Tom Soter in Bricks & Bucks on July 3, 2013
Plugging the leaks
"Some of the patching that had been done had only made things worse," observes Katherine Malishewsky, the project manager for Kamen Tall Architects, called in to cope with the problems. "They had done these repairs four or five years ago, but those repairs were now failing, causing more leaks and requiring mitigation of the leaks, especially at the southeastern corner. In particular what we noticed was improper waterproofing of lintels. You'd have a little bit of waterproofing and the water would just slide through the windows. You would start to see the bulging of bricks to the side of [where the repairs had been done], which is causing unsafe issues of its own. "
The 80-unit co-op had been built in the 1930s, and, says Malishewsky, "has lots of lovely decorative elements."
But no one was looking at its beauty anymore: the new board "recognized that there were a number of issues that had extended for a long time and needed to be taken care of," recalls Mark Levine, executive vice president of Excel-Bradshaw Management Group, who has handled the property for two years. "It was only in everyone's best interests that they take care of the leaks - instead of just covering each one up and hoping it doesn't spread."
Funding the repairs
Last summer, the board hired Kamen Tall and the firm brought in Accura Restoration to perform a series of probes to pinpoint the main problem areas. After that, Accura won the full repair job. Because the budget was tight - the building includes a number of younger residents in their 30s, but also has a significant number of older residents on fixed incomes - Kamen Tall then worked with the contractor to bring the price of the repairs down to $274,800. One way they did that was by prioritizing: only doing the worst areas on this round, and fixing the rest as time goes by.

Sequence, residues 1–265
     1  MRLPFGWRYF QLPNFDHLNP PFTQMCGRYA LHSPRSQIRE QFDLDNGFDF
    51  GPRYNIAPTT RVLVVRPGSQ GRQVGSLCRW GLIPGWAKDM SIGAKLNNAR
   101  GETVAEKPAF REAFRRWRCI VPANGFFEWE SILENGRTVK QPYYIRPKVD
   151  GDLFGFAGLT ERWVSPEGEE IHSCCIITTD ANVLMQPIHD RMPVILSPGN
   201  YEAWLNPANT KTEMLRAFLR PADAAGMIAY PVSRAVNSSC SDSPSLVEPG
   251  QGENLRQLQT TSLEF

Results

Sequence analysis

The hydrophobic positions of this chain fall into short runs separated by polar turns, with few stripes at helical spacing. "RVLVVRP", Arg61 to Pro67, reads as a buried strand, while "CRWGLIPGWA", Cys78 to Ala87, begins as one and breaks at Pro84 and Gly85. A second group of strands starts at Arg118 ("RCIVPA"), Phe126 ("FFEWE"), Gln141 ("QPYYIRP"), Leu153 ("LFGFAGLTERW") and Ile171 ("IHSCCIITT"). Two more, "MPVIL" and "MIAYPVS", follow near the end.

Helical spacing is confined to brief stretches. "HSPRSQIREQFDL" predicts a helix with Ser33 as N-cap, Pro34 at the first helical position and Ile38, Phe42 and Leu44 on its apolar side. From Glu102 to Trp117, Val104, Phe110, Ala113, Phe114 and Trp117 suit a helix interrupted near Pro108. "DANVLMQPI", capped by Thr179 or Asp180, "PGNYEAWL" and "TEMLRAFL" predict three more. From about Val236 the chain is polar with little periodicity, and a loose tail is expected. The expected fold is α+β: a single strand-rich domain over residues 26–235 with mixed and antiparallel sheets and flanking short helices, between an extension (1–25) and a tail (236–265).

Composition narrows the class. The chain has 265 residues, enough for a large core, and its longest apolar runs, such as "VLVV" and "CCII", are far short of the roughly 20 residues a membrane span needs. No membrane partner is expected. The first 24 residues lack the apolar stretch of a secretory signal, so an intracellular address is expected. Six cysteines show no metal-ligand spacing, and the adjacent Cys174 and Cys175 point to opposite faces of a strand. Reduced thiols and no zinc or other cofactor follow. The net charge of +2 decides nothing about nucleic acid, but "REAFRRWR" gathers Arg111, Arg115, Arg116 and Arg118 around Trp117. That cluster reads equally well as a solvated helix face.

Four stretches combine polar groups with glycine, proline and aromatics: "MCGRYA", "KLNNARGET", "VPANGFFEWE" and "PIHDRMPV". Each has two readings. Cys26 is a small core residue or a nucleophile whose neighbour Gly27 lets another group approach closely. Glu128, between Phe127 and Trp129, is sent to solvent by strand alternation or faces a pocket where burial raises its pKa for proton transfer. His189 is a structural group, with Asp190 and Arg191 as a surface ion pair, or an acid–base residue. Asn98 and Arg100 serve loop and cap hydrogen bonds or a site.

"The board explained to the shareholders that the work had to be done," Levine notes. "Over the years, they may have gotten away with not having to pay so much. So now they have to pay more."
The funding, however, is primarily hitting the shareholders indirectly, over time, as they pay for a new loan the co-op is taking out to fund the work. The cooperative also owns seven units in the building and hopes to sell one or more of them, plowing the cash from that into the repair work.
One at a time
"Because of all of the damage on the southeast corner, we're going to do a little metal cladding for the interior of the parapet because a lot of water is coming in from there," explains Malishewsky. "We're going to do replacement of lintels, and do appropriate waterproofing - replacing the deteriorated lintels and doing parging behind the bricks as well. Also, we will be repointing where necessary; do brick replacement where they're cracked, and do a little bit of concrete touch-up work in the lobby and in the back of the stairs."
Levine and Malishewky agree that the board has been very active in pushing this project, giving it top priority over a planned elevator modernization. "They didn't want to have two major repair projects going on at once," Levine notes. "That would have been too much."
Fixing leaks and waterproofing; replacing damaged bricks and lintels
Katherine Malishewsky, project manager for Kamen Tall Architects
Mark Levine, executive vice president of Excel-Bradshaw Management Group Accura Restoration, contractor
Estimated Market Value: $2,308,000
Assessed Value: $991,140
Sales Price: $120,000
Sales Price: $182,000
Sales Price: $93,000
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